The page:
In the nineties America was obsessed with dinosaurs. For reasons we could never put our fingers on, Dinosaurs were in just about every facet of pop culture you could imagine. Video games, movies, animated series, they were mascots for snack foods, they were the basis for a family sitcom, and yes, they were fit in to movies amounting to cinematic oddities still making movie buffs scratch their heads. We had a family film about miniature dinosaurs, a buddy cop comedy about a female cop and a dinosaur, and yes, we even had “Tammy and the T-Rex.”
The late Paul Walker plays Michael, a seemingly normal athlete who is in love with cheerleader Tammy, as played by young Denise Richards. Tammy is being stalked by her violent, abusive ex-boyfriend Billy who insists on keeping Tammy close by, but Michael refuses to let himself be intimidated by him and his cackling group of friends. One night after Michael sneaks out to see Tammy at her house, Billy runs Michael down and beats him near death. After Michael slips in to a coma, he’s kidnapped at the hospital by the demented Dr. Wachenstein and his assistant Helga. They plan to take his brain and implant it in a giant robotic T-Rex. Through this they hope to use Michael as weapon, or something. It’s never fully clarified.
Stewart Raffill’s deliriously awful horror comedy imagines a Frankenstein tale in where a young man’s brain is implanted in to a stiff barely functional robotic dinosaur. No seriously. Someone actually thought this would be a good idea. It’s not at all taken seriously, but even with the tongue firmly planted in cheek from beginning to end, “Tammy and the T-Rex” is still incredibly moronic, and packed with plot holes. A film like “Tammy and the T-Rex” though is critic proof. It’s bad because it’s supposed to be, and trying to fault it for being downright awful is kind of a practice in futility when all is said and done. That said, it’s still kind of fun to pick at how terrible it is.
It’s so nineties, even though it feels like a script yanked right out of 1987. There’s even Terry Kiser as the mad Dr. Wachenstein. I seriously think Kiser was on the rolodex of every agent in America during the eighties, in case they needed someone to play a heel, or villain. “Tammy and the T-Rex” was given a limited release upon its completion with a PG-13 rating. For many years it circulated as a hilariously obscure, dumb comedy with very young actors Denise Richards and Paul Walker before they became stars. Years later, we learned that the film was originally Rated R and filled with a ton of gore and splatter.
Not to mention there were some incredibly vulgar moments also excluded, one of which involves character Michael’s corpse being tinkered with allowing him to become erect with the flick of a nerve in his head. The movie was cut down drastically to fit the PG-13 rating and was put out in its somewhat TV friendly form. From then on, the “Unrated” version could only be seen on foreign television markets and in certain stations around America. That’s surprising what we considered PG-13 back in 1994, we the movie ends literally on Denise Richards giving her boyfriend Michael’s brain a strip tease, as his brain electrifies indicating an orgasm. Considering also that Richards’ character Tammy is supposed to be a junior in high school, it’s a somewhat uncomfortable note.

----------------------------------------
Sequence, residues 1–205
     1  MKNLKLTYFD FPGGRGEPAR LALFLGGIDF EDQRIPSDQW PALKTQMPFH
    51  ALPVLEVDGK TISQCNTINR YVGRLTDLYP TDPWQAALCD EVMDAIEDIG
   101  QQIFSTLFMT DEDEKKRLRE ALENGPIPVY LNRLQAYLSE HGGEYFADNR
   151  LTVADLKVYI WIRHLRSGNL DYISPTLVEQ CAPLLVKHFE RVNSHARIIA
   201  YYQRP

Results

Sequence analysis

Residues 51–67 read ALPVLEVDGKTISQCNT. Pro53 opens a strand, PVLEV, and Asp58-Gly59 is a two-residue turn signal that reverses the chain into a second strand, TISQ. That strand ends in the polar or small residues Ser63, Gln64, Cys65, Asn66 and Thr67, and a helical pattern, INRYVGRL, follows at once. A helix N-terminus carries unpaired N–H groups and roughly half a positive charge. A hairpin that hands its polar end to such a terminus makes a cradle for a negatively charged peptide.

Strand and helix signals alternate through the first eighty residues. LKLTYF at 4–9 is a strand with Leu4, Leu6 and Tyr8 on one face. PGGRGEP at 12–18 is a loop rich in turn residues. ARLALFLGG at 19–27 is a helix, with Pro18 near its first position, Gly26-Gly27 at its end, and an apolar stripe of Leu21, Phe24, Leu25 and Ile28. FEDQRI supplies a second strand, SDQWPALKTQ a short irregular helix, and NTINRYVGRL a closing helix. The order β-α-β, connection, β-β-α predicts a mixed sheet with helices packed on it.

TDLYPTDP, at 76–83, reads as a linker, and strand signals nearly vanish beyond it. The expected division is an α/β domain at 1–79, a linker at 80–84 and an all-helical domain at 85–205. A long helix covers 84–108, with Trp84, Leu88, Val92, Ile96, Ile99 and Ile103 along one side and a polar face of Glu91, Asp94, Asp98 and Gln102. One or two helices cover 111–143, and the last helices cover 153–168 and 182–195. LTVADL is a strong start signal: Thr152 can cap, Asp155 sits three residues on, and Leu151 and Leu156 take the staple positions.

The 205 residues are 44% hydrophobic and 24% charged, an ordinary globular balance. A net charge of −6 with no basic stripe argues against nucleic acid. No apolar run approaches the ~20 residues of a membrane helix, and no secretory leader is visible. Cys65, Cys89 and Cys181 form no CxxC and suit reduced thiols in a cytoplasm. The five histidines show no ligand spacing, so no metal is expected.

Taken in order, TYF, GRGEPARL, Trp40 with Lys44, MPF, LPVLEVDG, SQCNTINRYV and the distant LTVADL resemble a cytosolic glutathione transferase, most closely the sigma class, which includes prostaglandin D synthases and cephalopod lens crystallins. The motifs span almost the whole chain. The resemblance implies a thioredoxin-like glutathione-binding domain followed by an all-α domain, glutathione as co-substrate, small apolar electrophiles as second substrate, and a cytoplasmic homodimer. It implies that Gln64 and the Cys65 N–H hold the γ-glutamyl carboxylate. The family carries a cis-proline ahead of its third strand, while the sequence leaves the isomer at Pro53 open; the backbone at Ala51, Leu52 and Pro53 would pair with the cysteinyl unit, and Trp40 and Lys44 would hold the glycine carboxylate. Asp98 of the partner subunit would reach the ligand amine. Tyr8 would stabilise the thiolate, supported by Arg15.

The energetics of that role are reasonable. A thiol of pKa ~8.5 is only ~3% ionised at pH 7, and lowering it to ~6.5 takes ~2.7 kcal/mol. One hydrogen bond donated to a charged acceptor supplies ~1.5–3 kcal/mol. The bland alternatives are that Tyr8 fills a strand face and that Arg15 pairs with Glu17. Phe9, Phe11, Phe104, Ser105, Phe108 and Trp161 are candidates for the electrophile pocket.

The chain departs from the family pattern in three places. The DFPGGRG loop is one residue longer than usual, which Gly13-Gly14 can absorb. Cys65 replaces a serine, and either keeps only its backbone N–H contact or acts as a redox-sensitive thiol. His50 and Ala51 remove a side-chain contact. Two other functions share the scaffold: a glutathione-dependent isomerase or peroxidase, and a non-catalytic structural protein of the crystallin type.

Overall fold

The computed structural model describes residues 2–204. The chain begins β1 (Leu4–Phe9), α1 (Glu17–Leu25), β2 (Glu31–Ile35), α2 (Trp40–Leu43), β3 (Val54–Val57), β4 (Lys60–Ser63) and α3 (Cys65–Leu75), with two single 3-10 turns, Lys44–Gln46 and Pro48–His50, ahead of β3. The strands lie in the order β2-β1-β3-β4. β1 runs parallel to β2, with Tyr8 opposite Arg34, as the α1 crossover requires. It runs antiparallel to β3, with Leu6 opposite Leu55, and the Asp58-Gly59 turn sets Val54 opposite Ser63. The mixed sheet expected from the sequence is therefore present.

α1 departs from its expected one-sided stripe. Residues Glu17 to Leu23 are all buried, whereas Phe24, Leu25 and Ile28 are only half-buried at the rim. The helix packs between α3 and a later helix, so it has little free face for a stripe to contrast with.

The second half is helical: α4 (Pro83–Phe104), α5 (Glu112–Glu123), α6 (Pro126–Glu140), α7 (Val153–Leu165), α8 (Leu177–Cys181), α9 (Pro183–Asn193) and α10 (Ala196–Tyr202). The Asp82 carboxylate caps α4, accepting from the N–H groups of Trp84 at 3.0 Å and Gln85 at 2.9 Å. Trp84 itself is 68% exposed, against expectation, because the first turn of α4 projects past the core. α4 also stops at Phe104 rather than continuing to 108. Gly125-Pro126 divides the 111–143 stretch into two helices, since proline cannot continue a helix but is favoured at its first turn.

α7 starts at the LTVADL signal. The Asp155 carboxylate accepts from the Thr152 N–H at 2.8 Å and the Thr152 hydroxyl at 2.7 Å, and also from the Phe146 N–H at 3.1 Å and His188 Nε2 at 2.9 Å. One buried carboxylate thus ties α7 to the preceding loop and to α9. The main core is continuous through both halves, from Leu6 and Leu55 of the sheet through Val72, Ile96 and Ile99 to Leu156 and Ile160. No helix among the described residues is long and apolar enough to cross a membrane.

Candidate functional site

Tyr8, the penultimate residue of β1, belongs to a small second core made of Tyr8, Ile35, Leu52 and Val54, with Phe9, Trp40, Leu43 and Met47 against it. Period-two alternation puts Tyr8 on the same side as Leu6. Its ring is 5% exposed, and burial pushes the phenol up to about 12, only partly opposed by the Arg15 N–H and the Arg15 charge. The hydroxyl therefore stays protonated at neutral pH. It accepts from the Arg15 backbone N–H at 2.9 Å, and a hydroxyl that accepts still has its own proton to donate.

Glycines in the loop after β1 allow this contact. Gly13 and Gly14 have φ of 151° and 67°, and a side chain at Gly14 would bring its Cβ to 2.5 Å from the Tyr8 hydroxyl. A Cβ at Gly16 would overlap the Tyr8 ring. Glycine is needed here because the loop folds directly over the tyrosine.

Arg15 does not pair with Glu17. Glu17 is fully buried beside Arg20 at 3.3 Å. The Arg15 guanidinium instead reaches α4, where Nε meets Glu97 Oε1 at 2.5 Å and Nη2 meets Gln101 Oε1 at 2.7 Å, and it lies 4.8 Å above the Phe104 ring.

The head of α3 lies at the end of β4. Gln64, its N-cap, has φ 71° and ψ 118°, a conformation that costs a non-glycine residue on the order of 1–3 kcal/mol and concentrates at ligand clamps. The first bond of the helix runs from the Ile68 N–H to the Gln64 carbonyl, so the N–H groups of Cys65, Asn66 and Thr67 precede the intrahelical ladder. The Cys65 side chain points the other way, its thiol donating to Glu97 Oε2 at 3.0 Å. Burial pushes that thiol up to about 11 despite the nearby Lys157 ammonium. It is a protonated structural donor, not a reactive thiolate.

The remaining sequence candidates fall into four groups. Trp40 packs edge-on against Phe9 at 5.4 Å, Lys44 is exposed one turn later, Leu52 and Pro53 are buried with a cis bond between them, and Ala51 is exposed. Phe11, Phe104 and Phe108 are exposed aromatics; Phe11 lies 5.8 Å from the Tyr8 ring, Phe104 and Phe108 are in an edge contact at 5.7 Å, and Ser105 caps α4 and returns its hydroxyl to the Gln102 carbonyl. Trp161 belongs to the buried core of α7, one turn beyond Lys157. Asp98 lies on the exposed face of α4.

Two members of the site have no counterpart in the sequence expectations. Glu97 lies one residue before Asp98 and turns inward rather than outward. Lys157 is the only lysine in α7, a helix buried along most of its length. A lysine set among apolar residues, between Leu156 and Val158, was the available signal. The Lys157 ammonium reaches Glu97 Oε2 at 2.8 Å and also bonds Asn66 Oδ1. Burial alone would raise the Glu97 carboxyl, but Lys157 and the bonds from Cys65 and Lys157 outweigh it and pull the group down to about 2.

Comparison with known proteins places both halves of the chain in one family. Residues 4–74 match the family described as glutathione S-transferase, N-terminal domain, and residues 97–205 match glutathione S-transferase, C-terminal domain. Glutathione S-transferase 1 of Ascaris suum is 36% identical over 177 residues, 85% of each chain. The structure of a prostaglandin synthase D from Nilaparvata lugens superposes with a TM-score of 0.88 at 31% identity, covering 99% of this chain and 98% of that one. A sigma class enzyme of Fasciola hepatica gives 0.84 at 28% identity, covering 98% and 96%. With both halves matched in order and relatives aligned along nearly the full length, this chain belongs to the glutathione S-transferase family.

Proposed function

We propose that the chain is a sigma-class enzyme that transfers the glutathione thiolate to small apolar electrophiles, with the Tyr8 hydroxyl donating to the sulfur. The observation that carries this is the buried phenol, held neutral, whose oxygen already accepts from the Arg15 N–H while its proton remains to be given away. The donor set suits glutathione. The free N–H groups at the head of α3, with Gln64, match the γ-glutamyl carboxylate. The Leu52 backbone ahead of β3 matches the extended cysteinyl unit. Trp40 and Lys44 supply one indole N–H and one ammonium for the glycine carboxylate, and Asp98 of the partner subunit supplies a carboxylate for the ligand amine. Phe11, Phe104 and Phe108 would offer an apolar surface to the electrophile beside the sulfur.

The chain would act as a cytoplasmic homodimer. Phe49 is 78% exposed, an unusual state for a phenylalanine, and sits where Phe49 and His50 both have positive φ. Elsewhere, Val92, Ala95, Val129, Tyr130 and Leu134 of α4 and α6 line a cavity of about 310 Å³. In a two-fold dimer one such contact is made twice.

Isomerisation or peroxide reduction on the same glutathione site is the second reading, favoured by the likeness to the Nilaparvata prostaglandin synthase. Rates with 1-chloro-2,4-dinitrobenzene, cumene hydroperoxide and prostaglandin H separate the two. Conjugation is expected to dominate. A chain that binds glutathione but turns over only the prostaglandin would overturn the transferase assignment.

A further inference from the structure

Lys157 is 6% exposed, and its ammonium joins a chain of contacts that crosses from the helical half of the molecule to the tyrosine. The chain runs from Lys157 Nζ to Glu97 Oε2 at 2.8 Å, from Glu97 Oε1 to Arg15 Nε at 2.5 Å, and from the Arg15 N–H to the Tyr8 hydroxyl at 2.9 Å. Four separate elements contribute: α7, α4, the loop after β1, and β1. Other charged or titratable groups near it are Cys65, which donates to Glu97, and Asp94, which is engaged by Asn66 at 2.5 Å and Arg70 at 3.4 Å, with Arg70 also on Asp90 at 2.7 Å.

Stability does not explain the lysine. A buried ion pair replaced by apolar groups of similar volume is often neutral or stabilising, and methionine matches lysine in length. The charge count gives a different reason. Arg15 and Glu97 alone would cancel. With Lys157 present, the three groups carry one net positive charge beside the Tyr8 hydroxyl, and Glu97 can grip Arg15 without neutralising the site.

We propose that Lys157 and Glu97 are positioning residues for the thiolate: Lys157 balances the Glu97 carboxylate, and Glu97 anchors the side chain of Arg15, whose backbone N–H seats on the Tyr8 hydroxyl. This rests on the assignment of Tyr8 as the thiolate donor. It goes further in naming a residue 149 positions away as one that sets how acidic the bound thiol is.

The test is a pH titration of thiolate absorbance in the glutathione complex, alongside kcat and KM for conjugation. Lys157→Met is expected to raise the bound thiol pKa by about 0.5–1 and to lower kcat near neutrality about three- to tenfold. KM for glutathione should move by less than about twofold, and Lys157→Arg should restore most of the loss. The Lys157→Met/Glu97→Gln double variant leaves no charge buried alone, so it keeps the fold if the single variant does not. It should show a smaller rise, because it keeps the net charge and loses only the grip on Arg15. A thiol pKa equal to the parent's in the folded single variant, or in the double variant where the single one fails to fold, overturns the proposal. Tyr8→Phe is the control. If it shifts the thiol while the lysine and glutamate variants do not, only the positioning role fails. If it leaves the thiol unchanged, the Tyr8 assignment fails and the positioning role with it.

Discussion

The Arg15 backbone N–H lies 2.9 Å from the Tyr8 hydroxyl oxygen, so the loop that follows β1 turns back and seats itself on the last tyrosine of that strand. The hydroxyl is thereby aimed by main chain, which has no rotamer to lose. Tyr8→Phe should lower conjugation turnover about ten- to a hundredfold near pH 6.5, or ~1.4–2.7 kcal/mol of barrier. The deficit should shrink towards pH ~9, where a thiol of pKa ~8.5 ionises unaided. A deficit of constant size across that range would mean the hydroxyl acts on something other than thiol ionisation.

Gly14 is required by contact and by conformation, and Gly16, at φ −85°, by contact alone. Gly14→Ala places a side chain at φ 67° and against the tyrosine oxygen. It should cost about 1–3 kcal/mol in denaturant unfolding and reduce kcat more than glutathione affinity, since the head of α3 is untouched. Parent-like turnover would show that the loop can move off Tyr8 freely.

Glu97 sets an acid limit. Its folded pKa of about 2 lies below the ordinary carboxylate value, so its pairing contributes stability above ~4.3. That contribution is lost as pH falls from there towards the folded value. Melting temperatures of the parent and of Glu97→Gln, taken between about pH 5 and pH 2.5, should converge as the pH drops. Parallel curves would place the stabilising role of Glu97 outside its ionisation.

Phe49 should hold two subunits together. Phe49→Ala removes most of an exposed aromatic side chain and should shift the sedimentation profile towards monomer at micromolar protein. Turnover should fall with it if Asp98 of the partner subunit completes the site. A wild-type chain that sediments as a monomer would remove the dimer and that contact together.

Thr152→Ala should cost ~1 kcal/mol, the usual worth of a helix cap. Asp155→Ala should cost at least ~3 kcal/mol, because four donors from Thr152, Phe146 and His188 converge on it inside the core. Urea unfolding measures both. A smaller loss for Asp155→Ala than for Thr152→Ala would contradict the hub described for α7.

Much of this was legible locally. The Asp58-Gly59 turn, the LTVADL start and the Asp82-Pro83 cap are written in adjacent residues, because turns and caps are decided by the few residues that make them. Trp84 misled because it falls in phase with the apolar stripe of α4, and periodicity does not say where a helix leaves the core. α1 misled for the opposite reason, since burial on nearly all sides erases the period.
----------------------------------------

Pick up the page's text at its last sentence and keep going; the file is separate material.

Nothing about “Tammy and the T-Rex” makes a lick of sense, but that’s okay because the gonzo tone and camp is part of what makes it such an appealing experience. Raffill and writer Gary Brockette cover all the bases, from a violent revenge film, a tragic romance, a science fiction monster tale, a coming of age story, and yes, it fulfills the dinosaur quota that many studios of the decade felt the need to fulfill. Dinosaurs just had a big time popularity that’s still somewhat inexplicable, and despite the fact Michael as the T-Rex is barely mobile, and almost incapable of walking over one MPH, Stewart Raffill delivers on the tale of a girl and her giant T-Rex.
Raffill delivers also on a ton of elements that’s both cringe inducing and kind of admirable in its inability to catch itself on how stupid it can tend to be. Theo Forsett is hard to watch as Byron, the film’s token minority, who is also flamboyantly gay. He spends most of his time mugging for comic effect, while also warning he might faint. He also threatens to scratch a bully’s eyes out during a confrontation with Billy’s thugs. Another moment that’s almost hard to believe is when Tammy and Byron begin looking for a new body for Michael. As he stands outside giving claws up and down, they break in to the morgue and begin looking for a new body for him.
They do so by bringing the bodies up to the window to show him, and them dropping them to the side. I’d be stunned if no one stopped for a moment during this production and just noted how utterly stupid it all is. But that’s just a part of the fun. And when the gore is unleashed, there’s some decent splatter. There are crushed heads, decapitations, mutilations, and two of Billy’s goons are crushed by Michael under a car. Later, the police spend an obscene amount of time examining the gruesome aftermath, even picking at the severed heads. “Tammy and the T-Rex” is definitely one of a kind. It’s not the last Frankenstein tale there’s ever been, but it certainly is one of the only films of its kind where the director had a mechanical dinosaur at hand and, out of dozens of possible ideas, ended up with this.
A part of Cinepocalypse 2019, with the original R-Rated ‘Gore-Cut’ 35mm Premiering, courtesy of the Academy Film Archive.
Cinepocalypse 2019 runs from June 13th until June 20th.